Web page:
Outliers, The Story of Success -Stuff I learnt

I recently read the book Outliers, The Story of Success by Malcolm Gladwell. This is the same author who wrote The Tipping Point. I thoroughly enjoyed reading Outliers. There are a number of intriguing points made. This will probably be a series of posts where I will try to relay some of what I learnt from reading this book.

The point of the book seems to be that success is not just dependent on our own efforts. There are factors beyond our control that significantly affects whether we are successful. The idea that if one just works hard, applies oneself, one will eventually be successful is shown to be flawed. Gladwell shows that details like which month you were born in, your birth year, your ethnicity and other factors beyond our own doing, can make a decidedly difference to how well we do in life.

The month you were born can make a difference when it comes to activities that have a static cut off date, and which require one to be of a certain age by the cut off. For example, some sporting activities might require one to be a certain age by January 1, to qualify for a particular playing level or class in the sport. Let us say the particular age to be by the first of January is 6 years. Someone born in December might just make the age of qualification, while another born in January of the same year as the former, would not only qualify but would probably have an advantage over the one born in December, in that he would be almost a year older. This may mean he is more physically mature which can give an advantage in some sports. The implication is that those born toward the start of the year will have an advantage over the others in being successful in the particular sport.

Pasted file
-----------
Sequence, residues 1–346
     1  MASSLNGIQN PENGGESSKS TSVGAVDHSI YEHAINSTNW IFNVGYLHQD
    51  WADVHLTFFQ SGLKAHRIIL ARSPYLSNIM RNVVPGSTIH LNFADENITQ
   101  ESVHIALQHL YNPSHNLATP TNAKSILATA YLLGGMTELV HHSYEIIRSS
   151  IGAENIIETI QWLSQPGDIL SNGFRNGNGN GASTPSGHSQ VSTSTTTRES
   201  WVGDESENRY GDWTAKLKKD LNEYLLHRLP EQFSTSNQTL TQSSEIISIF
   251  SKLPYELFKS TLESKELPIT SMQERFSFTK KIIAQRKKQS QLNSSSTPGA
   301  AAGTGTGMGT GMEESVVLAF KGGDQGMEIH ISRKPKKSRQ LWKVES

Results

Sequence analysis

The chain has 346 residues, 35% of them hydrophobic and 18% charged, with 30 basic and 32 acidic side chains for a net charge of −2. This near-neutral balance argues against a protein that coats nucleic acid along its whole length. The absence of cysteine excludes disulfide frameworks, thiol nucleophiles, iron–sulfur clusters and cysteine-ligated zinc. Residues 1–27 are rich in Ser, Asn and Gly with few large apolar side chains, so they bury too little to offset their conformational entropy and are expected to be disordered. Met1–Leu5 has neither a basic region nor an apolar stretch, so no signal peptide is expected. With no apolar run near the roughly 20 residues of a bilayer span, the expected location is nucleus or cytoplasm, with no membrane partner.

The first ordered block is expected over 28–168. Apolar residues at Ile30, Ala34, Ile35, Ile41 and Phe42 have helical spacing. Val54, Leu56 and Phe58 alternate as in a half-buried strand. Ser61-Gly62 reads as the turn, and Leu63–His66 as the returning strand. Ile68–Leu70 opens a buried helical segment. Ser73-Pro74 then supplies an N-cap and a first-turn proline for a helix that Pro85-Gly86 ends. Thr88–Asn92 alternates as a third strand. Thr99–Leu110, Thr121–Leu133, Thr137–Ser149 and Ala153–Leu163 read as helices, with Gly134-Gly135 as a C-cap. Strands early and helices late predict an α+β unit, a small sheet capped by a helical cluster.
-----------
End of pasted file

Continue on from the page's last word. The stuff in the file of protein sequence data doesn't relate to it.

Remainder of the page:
In the example above, What happens then is that this initial advantage leads to greater advantages as the years go by. This will happen in certain sports because of how the progression happens. A child who starts out with the advantage of
being older and more mature is likely to do better, and therefore placed in the better team, which usually has the better coach(es). As the child gets to the next class level in the sport, he will now be in a better position to be selected for the best team than the other children who happened to be born months after him. So again, he gets the better coach(es) which widens the skill gap between him and the others who did not make the ‘A’ team. So although as one gets older, the difference in maturity between one born in the start of the year and one born towards the end, will become less significant, the better coaching due to the initial advantage would have led to a widening skill gap as the years go by. Gladwell used Hockey to illustrate this point. He shows tables of statistics which do tend to support this analysis. The best players tend to be born between January and March.

In the next entry to this series, I will highlight another factor outside our control that plays a part in whether we will be successful.


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  3. The Richest Man in Babylon
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